Comments from Web Sites and Publications
Step 8 is the beginning of making amends, of healing the past
From the inventory of Step 4, I have a good starting place for
making a list
of people that I have harmed. I look over my personal inventory
reflect on my life again. I make a list of the people that I
have harmed. I
can write down thoughts beside each name about what the
appropriate amends might
be. I then go through the list and make sure I am willing in my
heart to make
- From 12Step.org
Learning how to live in the greatest peace, partnership and
brotherhood with all men
and women, of whatever description, is a moving and fascinating
adventure. Every A.A.
has found that he can make little headway in this new adventure
of living until he first
backtracks and really makes an accurate and unsparing survey of
the human wreckage he
has left in his wake. To a degree, he has already done this when
taking moral inventory,
but now the time has come when he ought to redouble his efforts
to see how many people
he has hurt, and in what ways. This reopening of emotional
wounds, some old, some perhaps
forgotten, and some still painfully festering, will at first
look like a purposeless
and pointless piece of surgery. But if a willing start is made,
then the great
advantages of doing this will so quickly reveal themselves that
the pain will be lessened
as one obstacle after another melts away.
- Twelve Steps and Twelve Traditions, p. 77-78
Step Eight is a social housecleaning, just as Step Four was our
personal housecleaning. In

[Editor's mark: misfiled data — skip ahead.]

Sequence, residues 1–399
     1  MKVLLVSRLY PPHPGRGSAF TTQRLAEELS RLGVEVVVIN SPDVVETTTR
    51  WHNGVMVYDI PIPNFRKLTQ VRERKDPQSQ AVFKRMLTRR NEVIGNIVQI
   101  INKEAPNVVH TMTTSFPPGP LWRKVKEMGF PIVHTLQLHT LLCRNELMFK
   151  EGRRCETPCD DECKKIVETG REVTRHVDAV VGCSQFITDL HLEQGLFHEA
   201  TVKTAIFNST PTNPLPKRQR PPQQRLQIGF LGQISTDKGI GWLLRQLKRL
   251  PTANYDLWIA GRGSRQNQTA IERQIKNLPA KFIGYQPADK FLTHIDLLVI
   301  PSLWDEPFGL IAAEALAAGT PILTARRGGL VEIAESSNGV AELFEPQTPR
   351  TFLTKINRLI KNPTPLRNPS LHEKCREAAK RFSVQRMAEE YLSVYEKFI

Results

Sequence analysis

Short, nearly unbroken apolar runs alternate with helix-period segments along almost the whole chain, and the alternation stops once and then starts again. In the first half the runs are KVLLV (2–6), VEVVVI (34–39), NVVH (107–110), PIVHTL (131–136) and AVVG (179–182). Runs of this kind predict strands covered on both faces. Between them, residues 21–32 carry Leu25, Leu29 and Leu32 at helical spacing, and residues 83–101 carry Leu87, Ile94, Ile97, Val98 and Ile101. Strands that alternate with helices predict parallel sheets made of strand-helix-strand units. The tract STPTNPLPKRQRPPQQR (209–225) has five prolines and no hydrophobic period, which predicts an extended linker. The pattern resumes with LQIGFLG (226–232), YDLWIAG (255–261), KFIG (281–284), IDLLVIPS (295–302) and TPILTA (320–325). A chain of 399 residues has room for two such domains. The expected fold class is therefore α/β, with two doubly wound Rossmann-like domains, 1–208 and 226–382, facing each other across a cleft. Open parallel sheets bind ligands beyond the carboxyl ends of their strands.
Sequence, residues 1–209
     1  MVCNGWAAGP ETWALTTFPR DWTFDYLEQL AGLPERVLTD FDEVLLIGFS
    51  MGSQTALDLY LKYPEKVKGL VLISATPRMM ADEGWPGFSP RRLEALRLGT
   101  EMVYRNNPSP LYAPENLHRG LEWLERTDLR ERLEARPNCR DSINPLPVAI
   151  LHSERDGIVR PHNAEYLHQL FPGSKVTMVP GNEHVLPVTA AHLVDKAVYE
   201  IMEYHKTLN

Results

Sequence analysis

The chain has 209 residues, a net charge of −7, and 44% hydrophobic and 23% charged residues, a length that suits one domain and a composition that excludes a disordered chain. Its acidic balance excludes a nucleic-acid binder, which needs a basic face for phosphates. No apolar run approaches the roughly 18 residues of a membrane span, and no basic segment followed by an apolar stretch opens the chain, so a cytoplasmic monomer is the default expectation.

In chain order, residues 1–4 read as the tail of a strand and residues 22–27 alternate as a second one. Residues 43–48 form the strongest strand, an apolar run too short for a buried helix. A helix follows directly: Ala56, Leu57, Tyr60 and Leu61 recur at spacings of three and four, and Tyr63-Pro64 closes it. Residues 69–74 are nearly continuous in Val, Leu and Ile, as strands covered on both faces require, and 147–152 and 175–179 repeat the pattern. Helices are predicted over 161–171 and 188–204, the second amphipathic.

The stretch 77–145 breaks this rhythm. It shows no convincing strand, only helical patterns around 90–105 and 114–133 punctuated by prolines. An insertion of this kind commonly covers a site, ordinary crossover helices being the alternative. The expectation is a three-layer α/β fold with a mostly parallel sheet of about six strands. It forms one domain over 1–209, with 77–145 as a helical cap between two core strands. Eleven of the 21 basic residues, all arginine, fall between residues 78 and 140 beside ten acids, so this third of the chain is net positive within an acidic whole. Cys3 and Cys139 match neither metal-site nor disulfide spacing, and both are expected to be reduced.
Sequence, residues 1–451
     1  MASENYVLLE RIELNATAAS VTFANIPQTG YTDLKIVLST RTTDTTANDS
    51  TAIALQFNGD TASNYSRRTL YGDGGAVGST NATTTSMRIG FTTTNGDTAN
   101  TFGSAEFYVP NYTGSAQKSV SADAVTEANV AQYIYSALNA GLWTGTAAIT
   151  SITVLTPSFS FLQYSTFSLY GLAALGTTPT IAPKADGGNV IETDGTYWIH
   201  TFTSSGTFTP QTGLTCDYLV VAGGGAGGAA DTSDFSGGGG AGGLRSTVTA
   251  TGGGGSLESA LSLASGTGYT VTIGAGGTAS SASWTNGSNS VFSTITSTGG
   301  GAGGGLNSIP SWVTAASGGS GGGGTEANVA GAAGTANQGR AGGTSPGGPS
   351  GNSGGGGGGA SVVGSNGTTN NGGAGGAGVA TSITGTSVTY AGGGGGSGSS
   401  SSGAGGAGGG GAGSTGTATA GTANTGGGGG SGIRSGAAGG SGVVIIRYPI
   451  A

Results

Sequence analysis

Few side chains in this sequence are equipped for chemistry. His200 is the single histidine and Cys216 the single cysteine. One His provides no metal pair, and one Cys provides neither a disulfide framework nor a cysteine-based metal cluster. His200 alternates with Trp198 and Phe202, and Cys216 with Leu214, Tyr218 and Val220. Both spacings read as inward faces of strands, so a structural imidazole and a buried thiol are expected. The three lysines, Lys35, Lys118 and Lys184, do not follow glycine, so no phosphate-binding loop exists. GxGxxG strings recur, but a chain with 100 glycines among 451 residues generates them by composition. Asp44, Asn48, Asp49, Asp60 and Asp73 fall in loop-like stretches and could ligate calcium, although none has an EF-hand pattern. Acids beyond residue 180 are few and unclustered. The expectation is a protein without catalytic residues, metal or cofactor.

Step Eight we're setting out to clean up all the bruised
relationships and the pockets of guilt,
pain, fear, resentment, and sadness that are stored inside,
stuck to our shameful past deeds.
For this undealt-with material blocks us from loving other
people, ourselves, and God in the present.
It's as if God were saying, "Okay, now you want me to take all
of your character defects, fine.
Then you can be free and serene and the person I want you to be.
But first you must see that
almost all your troubles involve other people. You've tried to
control them one way or the
other or fix them; you have guilty or resentful feelings about
them; or you have been so
preoccupied with yourself and your feelings, dreams, and plans
that you have ignored them
emotionally and caused them to experience some of their worst
fears of being deserted. Now I
want you to face what you have done and own your part in
hurting each person in your life
so you can move into the future I have for you unencumbered by
the past and beginning to
understand how not to keep repeating the mistakes of that past.
- A Hunger for Healing, p. 135-136
The Eighth Step is not easy; it demands a new kind of honesty
about our relations with other people.
The Eighth Step starts the procedure of forgiving others and
possibly being forgiven by them, forgiving
ourselves, and learning how to live in the world. By the time we
reach this step, we have become ready
to understand rather than to be understood. We can live and let